A new civil rights march in Alabama this week

A large crowd marches down the streets of Selma, Ala., while recreating a peaceful voting rights march that was violently repressed by Alabama troopers in 1965. This week, a new Selma to Montgomery march is happening to protest voter registration and anti-immigration laws in the state.

Bob Moon: This week, civil rights activists in Alabama are on a trek from Selma to Montgomery. A march along that same route in 1965 helped bring about the Voting Rights Act. This time, activists are protesting what they see as the erosion of that law. At the same time, they're promoting Latino rights.

Marketplace's Jeff Tyler has the story.


Jeff Tyler: The march began in Selma on Sunday. The mostly African-American crowd protested state voter ID laws they say could keep some black voters from the polls. But marchers were also critical of Alabama’s tough new immigration law.

Janet Murguia was one of the Latinas in the crowd. She’s president of the National Council of La Raza.

Janet Murguia: The attacks on voter rights and the attacks on immigration rights have really brought our communities together.

In the past, some economic issues have divided the two groups. Marching beside Murguia was Emanuel Cleaver, chairman of the Congressional Black Caucus.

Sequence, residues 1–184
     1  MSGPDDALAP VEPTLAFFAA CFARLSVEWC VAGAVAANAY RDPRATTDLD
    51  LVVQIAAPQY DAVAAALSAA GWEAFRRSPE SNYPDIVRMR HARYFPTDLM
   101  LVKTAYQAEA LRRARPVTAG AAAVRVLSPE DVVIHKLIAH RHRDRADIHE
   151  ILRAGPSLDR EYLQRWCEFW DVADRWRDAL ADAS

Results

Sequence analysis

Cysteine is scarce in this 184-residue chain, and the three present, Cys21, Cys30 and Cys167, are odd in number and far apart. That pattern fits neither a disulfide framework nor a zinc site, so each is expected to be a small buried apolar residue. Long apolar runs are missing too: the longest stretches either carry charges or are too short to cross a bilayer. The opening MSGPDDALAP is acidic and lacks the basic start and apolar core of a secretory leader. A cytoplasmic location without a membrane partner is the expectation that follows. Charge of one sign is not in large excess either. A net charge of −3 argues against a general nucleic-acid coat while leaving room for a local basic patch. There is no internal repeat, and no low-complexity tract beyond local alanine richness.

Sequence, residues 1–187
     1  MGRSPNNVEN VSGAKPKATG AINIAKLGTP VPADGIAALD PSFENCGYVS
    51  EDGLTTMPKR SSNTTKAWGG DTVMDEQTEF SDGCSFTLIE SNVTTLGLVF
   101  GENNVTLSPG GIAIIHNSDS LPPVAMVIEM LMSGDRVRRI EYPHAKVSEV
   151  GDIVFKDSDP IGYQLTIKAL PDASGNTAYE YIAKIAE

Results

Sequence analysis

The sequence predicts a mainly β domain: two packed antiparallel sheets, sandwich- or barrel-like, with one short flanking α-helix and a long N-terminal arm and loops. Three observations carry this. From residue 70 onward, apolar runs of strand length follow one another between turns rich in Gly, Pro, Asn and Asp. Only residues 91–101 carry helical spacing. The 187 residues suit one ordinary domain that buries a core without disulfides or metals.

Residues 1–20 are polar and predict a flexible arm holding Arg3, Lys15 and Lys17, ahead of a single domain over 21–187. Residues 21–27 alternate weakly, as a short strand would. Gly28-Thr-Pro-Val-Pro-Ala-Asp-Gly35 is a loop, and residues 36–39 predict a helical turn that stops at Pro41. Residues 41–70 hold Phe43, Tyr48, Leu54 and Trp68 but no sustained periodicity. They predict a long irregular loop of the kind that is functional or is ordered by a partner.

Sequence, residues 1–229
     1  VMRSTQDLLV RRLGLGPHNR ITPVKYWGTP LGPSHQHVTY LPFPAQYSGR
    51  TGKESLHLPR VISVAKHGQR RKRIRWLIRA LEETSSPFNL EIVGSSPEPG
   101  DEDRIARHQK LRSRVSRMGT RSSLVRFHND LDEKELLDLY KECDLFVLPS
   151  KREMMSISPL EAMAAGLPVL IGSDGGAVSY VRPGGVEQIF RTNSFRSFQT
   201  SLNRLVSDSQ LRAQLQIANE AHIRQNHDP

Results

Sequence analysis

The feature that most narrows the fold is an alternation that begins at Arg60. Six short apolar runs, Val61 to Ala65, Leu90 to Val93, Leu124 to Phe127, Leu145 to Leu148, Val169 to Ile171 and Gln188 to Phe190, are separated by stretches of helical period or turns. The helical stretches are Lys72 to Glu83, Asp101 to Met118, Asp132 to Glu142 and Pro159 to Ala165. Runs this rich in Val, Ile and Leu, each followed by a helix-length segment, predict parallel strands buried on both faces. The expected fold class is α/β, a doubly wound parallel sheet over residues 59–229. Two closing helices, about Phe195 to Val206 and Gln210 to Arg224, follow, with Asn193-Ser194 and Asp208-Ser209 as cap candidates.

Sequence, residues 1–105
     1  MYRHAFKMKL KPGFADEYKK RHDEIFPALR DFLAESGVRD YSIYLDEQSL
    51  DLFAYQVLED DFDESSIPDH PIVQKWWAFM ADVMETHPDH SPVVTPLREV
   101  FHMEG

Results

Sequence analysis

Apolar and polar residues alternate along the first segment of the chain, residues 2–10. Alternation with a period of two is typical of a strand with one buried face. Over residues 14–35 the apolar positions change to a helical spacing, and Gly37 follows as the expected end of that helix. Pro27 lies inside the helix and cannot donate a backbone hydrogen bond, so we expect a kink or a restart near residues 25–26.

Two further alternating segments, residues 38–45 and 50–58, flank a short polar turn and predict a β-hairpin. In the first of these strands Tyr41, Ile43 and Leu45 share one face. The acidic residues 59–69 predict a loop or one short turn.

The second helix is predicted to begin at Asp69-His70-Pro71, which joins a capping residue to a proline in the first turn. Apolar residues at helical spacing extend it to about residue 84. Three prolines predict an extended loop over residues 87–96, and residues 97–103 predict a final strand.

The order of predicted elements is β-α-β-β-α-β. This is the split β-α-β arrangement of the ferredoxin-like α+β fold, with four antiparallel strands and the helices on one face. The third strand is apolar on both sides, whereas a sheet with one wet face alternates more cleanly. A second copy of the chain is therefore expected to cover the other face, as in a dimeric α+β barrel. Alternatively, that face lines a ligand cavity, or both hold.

Emanuel Cleaver: There is an issue of economic competition between African-Americans and Latinos, particularly at entry-level jobs in this country.

Still, he says it’s in the self-interest of African-Americans to level the playing field for all workers in this country. He supports giving undocumented Latinos some kind of legal status.

Cleaver: And they would have to be paid minimum wage. And so, African-Americans actually come out better the better Latinos are treated.

As far as competition between blacks and Latinos, some academics say the research shows little impact.

Professor Douglas Massey follows immigration at Princeton University. He says that immigration in Los Angeles actually helped African-American employment.

Douglas Massey: The massive increase in the Latino population created strong demand for public services and boosted African-American employment in the public sector, where they had a strong comparative advantage, being native English speakers and citizens by birth.

African-American workers were able to move up.

Massey: There was a shift of unskilled, low-wage jobs and upgrading into public sector jobs with higher pay and benefits.

In Alabama, more Latino faces will join the march this week. It will finish in Montgomery with a call to end the state’s immigration laws. Expect to hear more songs like this: "Si se puede," Spanish for "Yes we can."

I’m Jeff Tyler for Marketplace.

About the author

Jeff Tyler is a reporter for Marketplace’s Los Angeles bureau, where he reports on issues related to immigration and Latin America.

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